Arvind Kejriwal did not have faith in Parliament. He believed that the 50,000-odd people assembled at the Ramlila Maidan in Delhi represented the nation and wanted Parliament to do their bidding. Kejriwal had put the parliamentary system in the dock just to pull down an elected government. At the time, Jan Lokpal was probably the most frequently used word. But now Kejriwal remembers nothing about it. It is ironic that a major section of the Dalits and the Muslims living in Delhi have accepted Kejriwal as their leader. But Kejriwal, through his words and actions, and his recent statements on Hanuman and Krishna, has amply proved that he is doing the politics of Hindutva.   

Delhi has witnessed horrific communal violence during AAP rule. But instead of protecting the innocent, the Kejriwal government behaved as if nothing had happened. It faithfully aped the Narendra Modi model. The Nirbhaya incident was blown out of all proportions to lend strength to the Anna Hazare movement. It seemed as if the government would be deposed. Now, Kejriwal, his trusted lieutenant Manish Sisodia and other Savarna leaders of AAP are keeping their mouths firmly shut on the issue of the release of the culprits in the Bilkis Bano case. They are creating an impression that society needs nothing more than good schools and hospitals. Few people have been able to commit fraud on the people the way Kejriwal and his associates have done. Two ministers in the Kejriwal government are facing corruption charges. Satyendra Jain is in jail and Manish Sisodia may be arrested any moment. Sisodia describes himself as a descendant of Maharana Pratap. Kejriwal equated Jain and Sisodia with Bhagat Singh. But surprisingly, he did not utter a word when an FIR was registered against Rajendra Pal Gautam. Would he be able to tell us what crime his former Cabinet colleague had committed?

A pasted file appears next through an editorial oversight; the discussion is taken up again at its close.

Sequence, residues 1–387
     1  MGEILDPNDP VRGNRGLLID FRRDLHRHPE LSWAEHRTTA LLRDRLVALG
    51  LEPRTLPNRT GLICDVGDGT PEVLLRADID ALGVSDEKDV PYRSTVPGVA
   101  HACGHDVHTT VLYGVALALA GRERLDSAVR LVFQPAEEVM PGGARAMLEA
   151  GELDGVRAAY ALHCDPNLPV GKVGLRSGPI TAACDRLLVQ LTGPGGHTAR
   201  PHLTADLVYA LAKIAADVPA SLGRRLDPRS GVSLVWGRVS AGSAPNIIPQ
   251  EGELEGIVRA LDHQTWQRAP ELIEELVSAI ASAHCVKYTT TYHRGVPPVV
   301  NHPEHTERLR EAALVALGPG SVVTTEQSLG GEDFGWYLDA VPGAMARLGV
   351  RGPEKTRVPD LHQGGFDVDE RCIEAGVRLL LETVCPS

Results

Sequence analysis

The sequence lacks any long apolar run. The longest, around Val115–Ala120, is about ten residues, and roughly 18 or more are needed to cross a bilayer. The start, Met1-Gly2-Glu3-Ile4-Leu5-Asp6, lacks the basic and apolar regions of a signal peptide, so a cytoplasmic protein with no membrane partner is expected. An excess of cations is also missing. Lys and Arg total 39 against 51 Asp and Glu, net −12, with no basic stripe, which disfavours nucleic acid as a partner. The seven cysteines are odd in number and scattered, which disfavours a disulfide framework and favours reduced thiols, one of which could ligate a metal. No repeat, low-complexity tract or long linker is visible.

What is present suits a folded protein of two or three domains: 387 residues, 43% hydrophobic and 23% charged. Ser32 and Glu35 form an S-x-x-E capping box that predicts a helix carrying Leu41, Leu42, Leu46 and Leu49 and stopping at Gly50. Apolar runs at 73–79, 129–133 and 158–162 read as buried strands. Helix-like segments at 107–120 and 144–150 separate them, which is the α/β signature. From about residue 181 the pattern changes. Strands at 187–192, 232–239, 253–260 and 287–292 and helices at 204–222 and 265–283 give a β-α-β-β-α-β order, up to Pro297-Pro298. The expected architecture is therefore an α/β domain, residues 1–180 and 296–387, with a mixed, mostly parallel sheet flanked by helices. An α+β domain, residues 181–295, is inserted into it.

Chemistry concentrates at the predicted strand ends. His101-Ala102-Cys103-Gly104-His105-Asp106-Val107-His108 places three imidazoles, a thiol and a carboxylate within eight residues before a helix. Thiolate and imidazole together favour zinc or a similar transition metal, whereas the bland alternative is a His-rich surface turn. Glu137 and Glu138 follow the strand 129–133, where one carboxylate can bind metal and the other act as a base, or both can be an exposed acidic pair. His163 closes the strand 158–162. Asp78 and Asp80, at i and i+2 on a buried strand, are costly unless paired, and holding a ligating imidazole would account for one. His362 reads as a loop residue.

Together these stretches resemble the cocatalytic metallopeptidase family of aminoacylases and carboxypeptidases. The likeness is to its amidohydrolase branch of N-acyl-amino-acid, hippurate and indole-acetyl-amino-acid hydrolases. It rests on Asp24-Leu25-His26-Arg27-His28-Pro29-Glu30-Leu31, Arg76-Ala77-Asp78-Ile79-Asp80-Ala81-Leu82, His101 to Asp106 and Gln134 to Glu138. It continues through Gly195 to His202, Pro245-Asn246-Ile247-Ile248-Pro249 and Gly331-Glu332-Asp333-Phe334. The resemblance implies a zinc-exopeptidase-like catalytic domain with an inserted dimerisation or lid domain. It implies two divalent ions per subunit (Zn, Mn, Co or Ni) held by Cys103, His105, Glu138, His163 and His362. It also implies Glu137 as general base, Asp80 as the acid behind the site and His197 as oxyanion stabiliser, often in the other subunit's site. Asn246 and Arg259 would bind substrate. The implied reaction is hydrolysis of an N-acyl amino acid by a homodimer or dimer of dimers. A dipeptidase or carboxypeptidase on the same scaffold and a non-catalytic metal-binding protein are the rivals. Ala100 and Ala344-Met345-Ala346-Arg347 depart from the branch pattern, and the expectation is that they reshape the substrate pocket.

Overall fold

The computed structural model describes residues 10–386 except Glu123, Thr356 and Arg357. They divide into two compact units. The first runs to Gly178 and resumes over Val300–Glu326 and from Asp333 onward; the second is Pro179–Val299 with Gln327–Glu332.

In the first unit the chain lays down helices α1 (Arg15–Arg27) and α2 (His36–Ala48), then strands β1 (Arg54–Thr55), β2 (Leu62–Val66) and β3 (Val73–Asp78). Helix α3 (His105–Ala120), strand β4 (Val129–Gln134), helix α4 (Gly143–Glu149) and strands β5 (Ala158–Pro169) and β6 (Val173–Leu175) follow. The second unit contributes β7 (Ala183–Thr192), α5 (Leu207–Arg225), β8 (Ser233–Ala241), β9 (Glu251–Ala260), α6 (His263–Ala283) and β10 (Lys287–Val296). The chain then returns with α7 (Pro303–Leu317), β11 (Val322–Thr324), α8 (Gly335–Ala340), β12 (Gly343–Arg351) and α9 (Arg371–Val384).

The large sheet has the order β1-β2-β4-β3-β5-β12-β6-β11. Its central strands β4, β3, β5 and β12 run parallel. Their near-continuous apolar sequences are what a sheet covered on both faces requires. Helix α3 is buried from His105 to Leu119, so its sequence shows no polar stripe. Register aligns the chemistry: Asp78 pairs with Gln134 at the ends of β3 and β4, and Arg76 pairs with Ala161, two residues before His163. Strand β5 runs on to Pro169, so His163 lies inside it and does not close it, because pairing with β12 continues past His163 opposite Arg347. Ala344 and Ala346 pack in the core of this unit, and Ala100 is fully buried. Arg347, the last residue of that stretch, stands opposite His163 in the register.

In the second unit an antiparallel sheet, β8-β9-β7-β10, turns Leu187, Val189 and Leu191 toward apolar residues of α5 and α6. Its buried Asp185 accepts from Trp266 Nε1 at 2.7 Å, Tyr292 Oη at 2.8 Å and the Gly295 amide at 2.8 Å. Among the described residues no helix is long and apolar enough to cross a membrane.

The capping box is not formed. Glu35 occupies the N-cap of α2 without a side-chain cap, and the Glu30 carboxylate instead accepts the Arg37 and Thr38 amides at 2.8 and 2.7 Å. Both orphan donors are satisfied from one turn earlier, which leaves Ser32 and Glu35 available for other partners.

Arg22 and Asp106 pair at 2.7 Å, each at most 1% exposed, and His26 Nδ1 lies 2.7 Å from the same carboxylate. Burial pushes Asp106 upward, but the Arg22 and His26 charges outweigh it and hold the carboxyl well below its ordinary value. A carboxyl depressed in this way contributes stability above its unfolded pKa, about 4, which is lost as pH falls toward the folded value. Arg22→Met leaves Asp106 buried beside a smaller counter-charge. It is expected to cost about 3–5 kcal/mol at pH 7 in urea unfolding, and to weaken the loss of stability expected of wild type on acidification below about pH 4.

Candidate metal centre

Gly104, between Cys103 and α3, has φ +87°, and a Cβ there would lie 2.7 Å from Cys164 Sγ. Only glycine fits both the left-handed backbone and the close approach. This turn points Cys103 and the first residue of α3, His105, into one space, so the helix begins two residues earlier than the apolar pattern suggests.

Kejriwal has declared that Ambedkar and Bhagat Singh are the role models of his party. Is he really following in their footsteps? Both these leaders had many things in common, including an unshakeable faith in democracy, logical reasoning and humanism. 

Ambedkar dreamt of an enlightened India free from caste-based discrimination and untouchability. Its women were free and everyone had freedom of expression. If Kejriwal really sees Ambedkar as his idol, Buddha and his Dhamma and Annihilation of Caste should be included in school curriculum. He should tell us what he found so objectionable in the 22 vows of Ambedkar – the leader whom he claims he adores.